Transcriptional activation of genes within the nucleus of eukaryotic cells occurs by a variety of mechanisms. Typically, these mechanisms rely on the interaction of regulatory proteins (transcriptional activators or repressors) with specific DNA sequences that control gene expression. Upon DNA binding, regulatory proteins also interact with other proteins that are part of the RNA polymerase II transcriptional complex.
One type of transcriptional activation relies on inducing a conformational change in chromatin, the DNA-protein complex that makes up each chromosome within a cell. In a broad sense, “extended” or loosely wound chromatin is more accessible to transcription factors and can signify an actively transcribed gene. In contrast, “condensed” chromatin hinders access to transcription factors and is characteristic of a transcriptionally inactive state. Acetylation of lysine residues in histones—the primary constituents of the chromatin backbone—results in opening up the chromatin and consequent gene activation. Disruption of histone acetylation pathways is implicated in many types of cancer (1).
Continue reading “Designing BET(ter) Inhibitors to Guide Therapy for Cancer and Inflammatory Diseases”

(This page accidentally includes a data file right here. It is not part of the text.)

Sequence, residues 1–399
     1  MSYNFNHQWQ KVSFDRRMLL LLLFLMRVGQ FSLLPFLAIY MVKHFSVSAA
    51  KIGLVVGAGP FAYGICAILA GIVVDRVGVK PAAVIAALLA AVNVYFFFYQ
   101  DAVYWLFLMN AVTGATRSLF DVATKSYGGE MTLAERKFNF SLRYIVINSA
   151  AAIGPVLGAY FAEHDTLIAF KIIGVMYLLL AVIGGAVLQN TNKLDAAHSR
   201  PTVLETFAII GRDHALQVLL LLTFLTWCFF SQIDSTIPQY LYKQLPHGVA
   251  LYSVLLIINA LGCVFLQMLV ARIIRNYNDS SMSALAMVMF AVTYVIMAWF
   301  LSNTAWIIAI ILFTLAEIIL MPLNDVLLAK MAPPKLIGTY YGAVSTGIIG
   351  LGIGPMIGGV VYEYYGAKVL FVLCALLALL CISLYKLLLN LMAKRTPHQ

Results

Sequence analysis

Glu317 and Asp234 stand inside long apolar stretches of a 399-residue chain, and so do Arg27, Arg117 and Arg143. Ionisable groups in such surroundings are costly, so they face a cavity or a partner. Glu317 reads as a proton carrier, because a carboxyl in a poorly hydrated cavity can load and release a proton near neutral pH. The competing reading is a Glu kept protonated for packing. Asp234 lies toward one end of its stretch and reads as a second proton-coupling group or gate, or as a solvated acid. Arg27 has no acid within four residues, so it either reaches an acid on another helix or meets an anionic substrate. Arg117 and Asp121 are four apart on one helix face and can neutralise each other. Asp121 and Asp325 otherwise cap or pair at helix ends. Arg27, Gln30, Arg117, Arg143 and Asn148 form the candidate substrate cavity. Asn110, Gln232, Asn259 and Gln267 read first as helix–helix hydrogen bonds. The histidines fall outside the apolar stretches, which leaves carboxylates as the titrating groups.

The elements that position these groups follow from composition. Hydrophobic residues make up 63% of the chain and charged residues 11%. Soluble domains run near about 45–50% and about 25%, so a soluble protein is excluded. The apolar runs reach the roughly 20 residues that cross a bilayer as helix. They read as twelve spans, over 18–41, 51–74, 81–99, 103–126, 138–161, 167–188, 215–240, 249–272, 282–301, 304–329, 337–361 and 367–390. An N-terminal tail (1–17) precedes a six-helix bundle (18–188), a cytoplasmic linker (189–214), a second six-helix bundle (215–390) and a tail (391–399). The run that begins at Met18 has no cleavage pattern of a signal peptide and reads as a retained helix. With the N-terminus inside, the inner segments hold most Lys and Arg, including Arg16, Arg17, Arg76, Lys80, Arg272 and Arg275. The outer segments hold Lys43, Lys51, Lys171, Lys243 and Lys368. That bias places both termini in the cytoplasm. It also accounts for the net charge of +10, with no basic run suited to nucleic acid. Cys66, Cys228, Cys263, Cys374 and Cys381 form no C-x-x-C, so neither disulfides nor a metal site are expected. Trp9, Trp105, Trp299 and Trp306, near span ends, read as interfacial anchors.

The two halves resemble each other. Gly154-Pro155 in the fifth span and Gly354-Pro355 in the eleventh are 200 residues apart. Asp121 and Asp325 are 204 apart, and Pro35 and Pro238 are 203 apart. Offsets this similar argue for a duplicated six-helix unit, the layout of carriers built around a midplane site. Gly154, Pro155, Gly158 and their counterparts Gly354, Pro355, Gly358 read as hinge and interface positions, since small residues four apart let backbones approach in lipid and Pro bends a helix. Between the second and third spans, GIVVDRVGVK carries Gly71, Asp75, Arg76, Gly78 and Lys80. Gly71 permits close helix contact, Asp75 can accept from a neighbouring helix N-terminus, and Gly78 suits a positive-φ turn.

Today’s blog is written by guest blogger Kristin Huwiler from our Cellular Analysis and Proteomics Group.
Two research collaborations, one in Europe and a second in the US, have just published in Nature Chemical Biology (1,2) on the identification of BET inhibitors (bi-BETs) that bind via a bivalent mechanism to both bromodomains of BRD4. These bivalent chemical inhibitors exhibit high cellular potency and affinity relative to their monovalent predecessors. By developing high-affinity ligands that engage both bromodomains simultaneously within BRD4, the authors illustrate a concept that may be applicable in the development of selective, potent ligands for other multi-domain proteins. Here we review the work presented in the Waring et al. paper using the Promega NanoBRET™ Technologies to characterize the mechanism of action of their bivalent probe.
The bromodomain and extraterminal (BET) sub-family are some of the most studied bromodomain-containing proteins (3). The BET subfamily of proteins contain two separate bromodomains. BRD4 is one well studied member of the BET sub-family. Several small molecule inhibitors that target BRD4 have been developed as potential therapeutics for various cancers with promising initial studies (4), but to date are all monovalent, binding each bromodomain of the BET family members separately (2).
Continue reading “Research Teams Demonstrate Bivalent Binding of a Novel Bromodomain Protein Inhibitor”